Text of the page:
Assuming, then, that the context matters, which is the appropriate geographic context to use when assessing local political participation? There are two broad categories; institutional and social. Institutional refers to the political, usually formal and legal, environment in which individuals are located. The general and special purpose governments described above are the institutional contexts of interest in local political participation: Counties, cities, school districts, and special districts. Social contexts are those entities whose boundaries are not necessarily proscribed in law, primarily neighborhoods and social networks (Huckfeldt, 1986). The choice of which level is driven by careful theorizing and there may be multiple levels at work on a single individual (Baybeck, 2006). Although they are substantively different, the institutional and social contexts work in similar ways on the individual; they factor into an individual’s decision calculus on whether to participate, and they do so (but not necessarily in the same way) for every person in the same context.

The vast majority of studies on institutional context focus on one variable, turnout in local elections. A significant majority of these focus specifically on turnout in municipal elections. Very little work, if any, has been done on explaining the turnout in elections for county, school district, and special district governing boards (but see Berry, 2009, for special districts), and few focus on cities outside of major metropolitan areas. Work that has been done on municipal elections focuses on the various mechanisms of election described above and their effects on turnout. Other recent review articles have covered these differences in detail (see Marschall, 2010; Trounstine, 2010), but it is useful to briefly note some key findings and to discuss their effects on participation.

Studies of turnout in municipal elections suggest that the so-called “progressive” reforms depress turnout. These include the council-manager form of government, where a professional city manager performs the administrative function, nonpartisan elections, At-large elections, and elections not held concurrently with state and national elections. All of these institutional structures lead to lower turnout in municipal elections (Alford and Lee, 1968; Welch and Bledsoe, 1988; Hajnal and Lewis, 2003; Caren, 2007) and there is a distinct effect of depoliticizing municipal government—the more administrative the city, the lower the turnout (Wood, 2002).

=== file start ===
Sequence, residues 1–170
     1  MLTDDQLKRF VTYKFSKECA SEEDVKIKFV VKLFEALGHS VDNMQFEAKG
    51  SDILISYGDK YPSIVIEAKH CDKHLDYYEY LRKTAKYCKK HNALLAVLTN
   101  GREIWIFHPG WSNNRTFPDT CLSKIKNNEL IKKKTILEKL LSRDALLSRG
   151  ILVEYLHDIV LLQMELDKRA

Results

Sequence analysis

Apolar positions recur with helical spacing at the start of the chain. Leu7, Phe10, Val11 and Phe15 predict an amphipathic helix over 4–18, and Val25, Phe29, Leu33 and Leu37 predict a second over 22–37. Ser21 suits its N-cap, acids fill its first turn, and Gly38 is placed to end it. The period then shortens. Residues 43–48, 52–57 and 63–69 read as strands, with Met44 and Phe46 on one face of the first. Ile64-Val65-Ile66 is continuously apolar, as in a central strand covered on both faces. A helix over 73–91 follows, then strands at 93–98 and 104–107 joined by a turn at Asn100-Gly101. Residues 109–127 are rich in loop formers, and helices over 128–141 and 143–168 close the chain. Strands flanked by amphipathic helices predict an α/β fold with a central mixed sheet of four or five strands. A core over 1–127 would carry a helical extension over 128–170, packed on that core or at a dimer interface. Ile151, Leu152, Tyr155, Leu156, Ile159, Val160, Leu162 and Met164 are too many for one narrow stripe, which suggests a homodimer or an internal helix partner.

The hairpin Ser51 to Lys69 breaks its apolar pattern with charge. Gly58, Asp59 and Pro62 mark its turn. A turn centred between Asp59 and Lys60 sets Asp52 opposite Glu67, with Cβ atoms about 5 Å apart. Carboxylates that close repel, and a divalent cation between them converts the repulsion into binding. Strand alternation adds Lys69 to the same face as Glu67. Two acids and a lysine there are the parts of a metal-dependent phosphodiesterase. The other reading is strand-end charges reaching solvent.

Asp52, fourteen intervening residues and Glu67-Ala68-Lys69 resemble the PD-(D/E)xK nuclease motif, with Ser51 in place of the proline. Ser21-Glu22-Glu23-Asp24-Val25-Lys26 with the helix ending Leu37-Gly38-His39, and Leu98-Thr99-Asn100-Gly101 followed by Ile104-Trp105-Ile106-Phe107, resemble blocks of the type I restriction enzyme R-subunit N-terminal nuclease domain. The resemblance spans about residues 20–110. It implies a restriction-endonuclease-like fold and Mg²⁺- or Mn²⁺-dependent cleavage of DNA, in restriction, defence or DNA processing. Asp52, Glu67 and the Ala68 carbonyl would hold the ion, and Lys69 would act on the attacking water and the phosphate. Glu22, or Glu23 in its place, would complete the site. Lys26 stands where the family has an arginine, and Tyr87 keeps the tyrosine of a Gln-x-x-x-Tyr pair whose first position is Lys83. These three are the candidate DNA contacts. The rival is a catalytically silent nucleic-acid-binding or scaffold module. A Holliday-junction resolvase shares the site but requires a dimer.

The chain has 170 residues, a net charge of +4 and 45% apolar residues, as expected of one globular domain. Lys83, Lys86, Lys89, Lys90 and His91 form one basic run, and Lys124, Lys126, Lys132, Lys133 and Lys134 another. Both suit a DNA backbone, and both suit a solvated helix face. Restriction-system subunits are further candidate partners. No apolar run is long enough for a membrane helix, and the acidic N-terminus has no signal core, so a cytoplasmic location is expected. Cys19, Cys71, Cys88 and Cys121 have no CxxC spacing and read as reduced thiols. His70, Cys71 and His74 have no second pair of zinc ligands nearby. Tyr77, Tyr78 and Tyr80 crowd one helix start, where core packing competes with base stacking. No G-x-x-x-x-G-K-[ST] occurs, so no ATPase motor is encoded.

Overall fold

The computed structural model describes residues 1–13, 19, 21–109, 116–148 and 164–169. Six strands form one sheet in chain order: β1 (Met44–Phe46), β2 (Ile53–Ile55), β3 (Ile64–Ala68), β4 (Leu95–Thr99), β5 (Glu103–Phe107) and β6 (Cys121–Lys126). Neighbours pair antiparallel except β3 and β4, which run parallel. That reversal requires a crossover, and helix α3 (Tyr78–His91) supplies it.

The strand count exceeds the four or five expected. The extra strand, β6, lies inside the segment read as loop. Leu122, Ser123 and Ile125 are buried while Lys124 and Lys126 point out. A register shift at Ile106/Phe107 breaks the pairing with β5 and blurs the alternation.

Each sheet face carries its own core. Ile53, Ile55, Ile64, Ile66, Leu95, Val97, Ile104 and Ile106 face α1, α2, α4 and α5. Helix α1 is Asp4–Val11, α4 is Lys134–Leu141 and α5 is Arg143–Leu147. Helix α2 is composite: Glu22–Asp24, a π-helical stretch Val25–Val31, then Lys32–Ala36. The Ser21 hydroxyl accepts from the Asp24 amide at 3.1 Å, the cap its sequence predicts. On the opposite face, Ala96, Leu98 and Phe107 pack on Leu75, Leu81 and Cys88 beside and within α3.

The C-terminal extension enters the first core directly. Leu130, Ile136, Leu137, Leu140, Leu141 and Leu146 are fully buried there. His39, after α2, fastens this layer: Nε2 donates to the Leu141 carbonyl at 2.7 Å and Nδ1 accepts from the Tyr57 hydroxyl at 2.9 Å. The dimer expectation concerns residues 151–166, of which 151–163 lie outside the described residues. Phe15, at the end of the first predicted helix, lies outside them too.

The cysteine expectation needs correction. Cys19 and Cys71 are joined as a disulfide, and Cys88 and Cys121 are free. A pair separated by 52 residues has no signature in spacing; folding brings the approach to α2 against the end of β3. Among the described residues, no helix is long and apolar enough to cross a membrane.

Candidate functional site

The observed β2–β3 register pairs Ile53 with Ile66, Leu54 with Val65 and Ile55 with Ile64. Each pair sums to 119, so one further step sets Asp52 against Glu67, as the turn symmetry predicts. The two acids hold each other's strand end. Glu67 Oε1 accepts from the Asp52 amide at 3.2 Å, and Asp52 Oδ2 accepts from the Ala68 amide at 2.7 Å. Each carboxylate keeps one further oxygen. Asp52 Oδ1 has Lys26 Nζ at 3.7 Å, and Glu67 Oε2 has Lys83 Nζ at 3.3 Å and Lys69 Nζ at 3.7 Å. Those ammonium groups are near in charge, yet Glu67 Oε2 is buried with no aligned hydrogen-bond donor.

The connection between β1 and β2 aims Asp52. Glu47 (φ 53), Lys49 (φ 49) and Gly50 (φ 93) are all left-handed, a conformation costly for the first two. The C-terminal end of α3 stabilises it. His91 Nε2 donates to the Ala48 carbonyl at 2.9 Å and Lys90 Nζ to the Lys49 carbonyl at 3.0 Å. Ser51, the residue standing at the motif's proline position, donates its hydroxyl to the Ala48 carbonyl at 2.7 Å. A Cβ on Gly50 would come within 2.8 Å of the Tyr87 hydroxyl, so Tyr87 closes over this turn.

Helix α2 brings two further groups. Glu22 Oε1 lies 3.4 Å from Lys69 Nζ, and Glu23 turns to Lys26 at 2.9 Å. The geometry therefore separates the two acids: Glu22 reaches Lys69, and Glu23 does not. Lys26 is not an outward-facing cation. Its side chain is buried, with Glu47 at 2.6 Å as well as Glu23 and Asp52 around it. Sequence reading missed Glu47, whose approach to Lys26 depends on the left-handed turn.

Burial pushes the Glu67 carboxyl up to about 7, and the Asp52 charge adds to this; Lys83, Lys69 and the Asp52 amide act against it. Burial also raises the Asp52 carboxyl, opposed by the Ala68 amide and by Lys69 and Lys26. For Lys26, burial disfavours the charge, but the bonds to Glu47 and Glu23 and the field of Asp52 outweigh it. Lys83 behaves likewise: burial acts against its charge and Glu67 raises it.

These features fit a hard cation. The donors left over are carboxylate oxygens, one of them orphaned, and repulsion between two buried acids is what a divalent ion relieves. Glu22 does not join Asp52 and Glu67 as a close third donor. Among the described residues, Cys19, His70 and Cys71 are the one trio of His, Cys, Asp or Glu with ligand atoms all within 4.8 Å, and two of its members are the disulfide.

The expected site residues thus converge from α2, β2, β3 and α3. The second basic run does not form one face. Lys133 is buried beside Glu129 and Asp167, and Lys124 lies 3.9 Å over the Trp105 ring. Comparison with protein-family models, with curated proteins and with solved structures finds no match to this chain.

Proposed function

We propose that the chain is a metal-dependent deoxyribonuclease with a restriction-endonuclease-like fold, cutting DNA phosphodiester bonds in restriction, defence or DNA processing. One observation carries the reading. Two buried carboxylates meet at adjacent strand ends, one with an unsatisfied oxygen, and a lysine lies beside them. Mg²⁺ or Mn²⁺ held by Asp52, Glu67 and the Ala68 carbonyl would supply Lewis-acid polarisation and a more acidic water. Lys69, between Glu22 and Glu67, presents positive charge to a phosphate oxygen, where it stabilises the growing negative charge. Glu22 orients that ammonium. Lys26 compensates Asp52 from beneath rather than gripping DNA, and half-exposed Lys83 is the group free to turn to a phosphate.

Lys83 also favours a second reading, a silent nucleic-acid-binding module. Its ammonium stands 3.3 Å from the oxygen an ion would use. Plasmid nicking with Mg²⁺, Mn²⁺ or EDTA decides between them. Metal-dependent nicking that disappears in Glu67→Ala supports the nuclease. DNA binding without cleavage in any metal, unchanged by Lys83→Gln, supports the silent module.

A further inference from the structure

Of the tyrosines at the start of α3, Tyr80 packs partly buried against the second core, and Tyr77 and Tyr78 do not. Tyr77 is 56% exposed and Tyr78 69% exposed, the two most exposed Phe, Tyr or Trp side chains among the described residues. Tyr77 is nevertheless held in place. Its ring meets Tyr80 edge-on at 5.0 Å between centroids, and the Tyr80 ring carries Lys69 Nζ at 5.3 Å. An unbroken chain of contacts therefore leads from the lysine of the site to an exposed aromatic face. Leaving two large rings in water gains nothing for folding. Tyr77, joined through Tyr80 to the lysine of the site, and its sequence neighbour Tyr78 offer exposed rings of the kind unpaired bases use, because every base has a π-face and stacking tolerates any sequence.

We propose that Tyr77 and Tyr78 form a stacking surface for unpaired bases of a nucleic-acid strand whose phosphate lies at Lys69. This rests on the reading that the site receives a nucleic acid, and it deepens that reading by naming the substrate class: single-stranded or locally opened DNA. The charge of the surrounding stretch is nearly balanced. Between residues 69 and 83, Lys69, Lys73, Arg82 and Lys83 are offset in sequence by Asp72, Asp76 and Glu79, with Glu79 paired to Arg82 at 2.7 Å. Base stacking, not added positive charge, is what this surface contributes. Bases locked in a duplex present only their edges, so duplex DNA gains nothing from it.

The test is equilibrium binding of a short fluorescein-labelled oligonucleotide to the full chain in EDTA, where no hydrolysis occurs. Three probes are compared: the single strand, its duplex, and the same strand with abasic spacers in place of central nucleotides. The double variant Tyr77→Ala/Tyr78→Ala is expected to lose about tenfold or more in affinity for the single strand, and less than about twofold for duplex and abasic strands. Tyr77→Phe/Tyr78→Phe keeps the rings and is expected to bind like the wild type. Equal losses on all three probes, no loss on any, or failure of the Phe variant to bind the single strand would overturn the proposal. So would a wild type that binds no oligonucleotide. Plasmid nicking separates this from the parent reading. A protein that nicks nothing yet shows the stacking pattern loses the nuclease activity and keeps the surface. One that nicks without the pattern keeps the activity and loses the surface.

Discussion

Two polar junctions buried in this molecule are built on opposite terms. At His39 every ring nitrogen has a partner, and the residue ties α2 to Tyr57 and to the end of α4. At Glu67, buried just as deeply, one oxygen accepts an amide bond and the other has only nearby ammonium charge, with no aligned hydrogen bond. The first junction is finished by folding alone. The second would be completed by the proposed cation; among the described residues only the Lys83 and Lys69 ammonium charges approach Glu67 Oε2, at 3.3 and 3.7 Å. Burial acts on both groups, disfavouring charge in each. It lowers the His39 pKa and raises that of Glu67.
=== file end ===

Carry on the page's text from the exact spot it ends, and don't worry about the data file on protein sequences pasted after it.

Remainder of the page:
(p. 106) Another strain of the literature dealing with institutional effects on participation has been a focus on the size of the locality (almost always the city), where size is defined not by geographic area but by population. Kelleher and Lowery (2004: 721) nicely encapsulate the primary debate as one between “small is beautiful” and “large is lively.” In the small is beautiful camp, the theoretical argument suggests that local political participation is higher in small, homogeneous communities, as the population shares a significant number of interests and thus feels more efficacious (Oliver, 2001). This idea is consistent with a long line of literature that examines the effects of suburbanization on politics and participation (e.g. Gainsborough, 2001). The larger is lively camp argues that larger cities, particularly ones that span metropolitan areas, are more likely to contain heterogeneous populations. When there is heterogeneity, there is conflict, and when there is conflict there is incentive to participate. Thus citizens in large, metropolitan areas are more engaged and more likely to participate (Dahl, 1967; Kelleher and Lowery, 2004: 726).